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Posts Tagged ‘Ben van Beurden’

Shell oil sands exit, mired in OPL 245 scandal, wary over Iranian Oil

Links below to a selection of news stories posted on
our sister website royaldutchshellgroup.com.

They include, among other developments, news that Shell is rightly wary of buying more Iranian crude oil. This is because of the legal minefield relating to sanctions. 

Also coverage of the latest news about the OPL 245 Nigerian corruption scandal involving Shell and ENI.

Plus Shell’s fire sale of most of its Canadian oil sands operations and the jump in total pay for Shell CEO Ben van Beurden, an issue likely to be raised at the forthcoming AGM. 

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Shell Multimillionaire CFO Simon Henry Departs Today

UPDATED WITH MORE LINKS: “Simon Henry has loads of money now. Plenty to pay lawyers to sue me for defamation if anything I have stated is untrue. He also has me to thank for the above Daily Mail article.”

By John Donovan

Despite his well-documented role in the Shell oil and gas reserves scandal over a decade ago, Simon Henry clung on and ended up hitting the jackpot when appointed Chief Financial Officer of Royal Dutch Shell Plc. He is departing that job today but will become an employee of Shell International Limited on 1 April 2017, April Fools Day, for a two-month “transition” period. Perhaps he needs the time to count his cash while having a good laugh at Shell investors.

Many millions of dollars including payment for loss of office, various bonus payments and yet more millions from the sale of some of his shares – two helpings, each for over £1m.

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Dysfunction Crisis and Scandal at Shell Norway

Printed below is an EnergyVoice.com article about defects found at Shell’s Norway gas plant. These were uncovered during a recent inspection carried out by The Petroleum Safety Authority of Norway.

Actually, the situation is far more serious. On Saturday I supplied certain related information to Ben van Beurden just in case he has been kept in the dark. The ball is in Shell’s court.

Shell knows I intend to publish an array of leaked communications and other information they would prefer to keep secret.

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Royal Dutch Shell CEO: Dividends No Longer No.1 Priority

One of our regular contributors has picked up on a priority switch by Shell senior management which may frighten shareholders in Royal Dutch Shell Plc.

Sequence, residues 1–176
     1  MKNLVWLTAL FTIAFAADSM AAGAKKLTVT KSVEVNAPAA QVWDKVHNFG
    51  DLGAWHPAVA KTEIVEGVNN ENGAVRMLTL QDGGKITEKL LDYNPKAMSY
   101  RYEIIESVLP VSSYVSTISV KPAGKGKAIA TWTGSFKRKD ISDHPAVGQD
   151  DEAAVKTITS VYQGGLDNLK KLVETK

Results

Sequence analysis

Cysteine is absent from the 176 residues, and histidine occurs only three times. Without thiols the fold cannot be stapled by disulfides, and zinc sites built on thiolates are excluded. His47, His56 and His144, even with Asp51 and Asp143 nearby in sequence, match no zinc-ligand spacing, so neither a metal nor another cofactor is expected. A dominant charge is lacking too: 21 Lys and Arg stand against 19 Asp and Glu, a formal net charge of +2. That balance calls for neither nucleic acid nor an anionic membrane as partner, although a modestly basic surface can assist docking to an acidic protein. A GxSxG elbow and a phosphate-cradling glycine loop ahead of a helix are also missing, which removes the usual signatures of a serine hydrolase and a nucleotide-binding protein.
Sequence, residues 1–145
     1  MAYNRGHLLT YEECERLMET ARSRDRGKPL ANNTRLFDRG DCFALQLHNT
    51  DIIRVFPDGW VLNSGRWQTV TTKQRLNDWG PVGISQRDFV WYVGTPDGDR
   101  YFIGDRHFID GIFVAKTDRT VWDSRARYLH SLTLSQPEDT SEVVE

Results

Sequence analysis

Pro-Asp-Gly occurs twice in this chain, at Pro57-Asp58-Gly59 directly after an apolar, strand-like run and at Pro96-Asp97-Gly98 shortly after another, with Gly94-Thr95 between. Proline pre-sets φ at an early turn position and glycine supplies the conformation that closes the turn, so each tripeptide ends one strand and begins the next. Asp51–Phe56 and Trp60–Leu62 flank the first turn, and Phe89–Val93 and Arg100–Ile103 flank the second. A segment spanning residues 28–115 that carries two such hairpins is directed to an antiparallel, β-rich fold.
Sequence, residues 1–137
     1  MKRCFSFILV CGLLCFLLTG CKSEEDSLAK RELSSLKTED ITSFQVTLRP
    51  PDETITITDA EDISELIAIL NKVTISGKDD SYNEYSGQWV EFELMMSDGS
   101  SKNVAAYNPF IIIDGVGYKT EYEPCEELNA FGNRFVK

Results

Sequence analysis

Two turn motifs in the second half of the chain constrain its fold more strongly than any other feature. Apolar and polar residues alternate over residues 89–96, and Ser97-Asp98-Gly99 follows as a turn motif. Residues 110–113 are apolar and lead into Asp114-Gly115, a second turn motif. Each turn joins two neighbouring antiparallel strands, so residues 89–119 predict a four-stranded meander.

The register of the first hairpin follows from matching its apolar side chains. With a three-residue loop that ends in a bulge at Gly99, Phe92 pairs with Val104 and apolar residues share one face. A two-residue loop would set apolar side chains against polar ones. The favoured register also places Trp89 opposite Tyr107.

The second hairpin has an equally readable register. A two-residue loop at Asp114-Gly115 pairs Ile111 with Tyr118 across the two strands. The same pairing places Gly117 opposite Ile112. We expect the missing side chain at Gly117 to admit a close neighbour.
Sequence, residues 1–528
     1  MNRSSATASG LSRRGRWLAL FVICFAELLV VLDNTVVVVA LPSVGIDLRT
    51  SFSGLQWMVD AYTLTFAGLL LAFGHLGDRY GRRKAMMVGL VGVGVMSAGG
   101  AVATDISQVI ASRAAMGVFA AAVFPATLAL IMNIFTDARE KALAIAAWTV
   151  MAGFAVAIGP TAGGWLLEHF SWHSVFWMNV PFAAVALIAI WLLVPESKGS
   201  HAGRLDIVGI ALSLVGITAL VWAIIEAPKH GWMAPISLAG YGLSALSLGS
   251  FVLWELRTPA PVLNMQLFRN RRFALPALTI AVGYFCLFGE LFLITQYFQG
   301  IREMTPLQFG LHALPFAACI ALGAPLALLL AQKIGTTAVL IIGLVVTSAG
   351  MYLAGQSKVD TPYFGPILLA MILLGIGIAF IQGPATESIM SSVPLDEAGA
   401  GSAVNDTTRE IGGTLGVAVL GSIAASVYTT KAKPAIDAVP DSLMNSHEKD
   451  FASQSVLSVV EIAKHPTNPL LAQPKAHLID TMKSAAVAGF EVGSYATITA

During an interview with Michelle Fox of CNBC earlier today, Ben van Beurden the Chief Executive Officer of the company said: In terms of debt paydown and covering of dividends two important priorities – Debt No 1, Dividend No 2. 

Michelle Fox asks… When you say Dividend is number two does this mean you could change the level going forward?  Mr Van Beurden made reassuring noises about the dividend but noticeably did not backtrack on his relegation of dividend payment levels to being a secondary priority

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Ben van Beurden admits earnings figures do not “look good” for investors

Royal Dutch Shell Plc has today announced its disappointing fourth-quarter figures. The Company turned in one of its worst performances in more than a decade.”

The Telegraph says that the company has dashed investor hopes for a resurgence in profits. It reports that “for the year as a whole Shell deepened its losses in its exploration and production business from $2.2bn to $2.7bn”.

CNBC says that Ben van Beurden, CEO of Royal Dutch Shell Plc has conceded that the earnings figures do not “look good” for investors. Their article headline says: Shell posts earnings of $3.5 billion in 2016; an 8% slide from $3.8 billion in 2015

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Shell finance boss tipped to take over the top job cashed in stock worth £1m days before he suddenly quit

By Rachel Millard For The Daily Mail: 21:58, 15 December 2016 

A finance boss at Royal Dutch Shell who was tipped to take over the top job has suddenly left – just days after he sold stock worth £1million.

Credited with leading the firm’s £41billion takeover of oil and gas group BG last year, Simon Henry was a key lieutenant of chief executive Ben van Beurden.

But the 55-year-old’s departure was announced yesterday to the shock of the markets. Relatively unknown internal finance executive Jessica Uhl has been appointed in his place.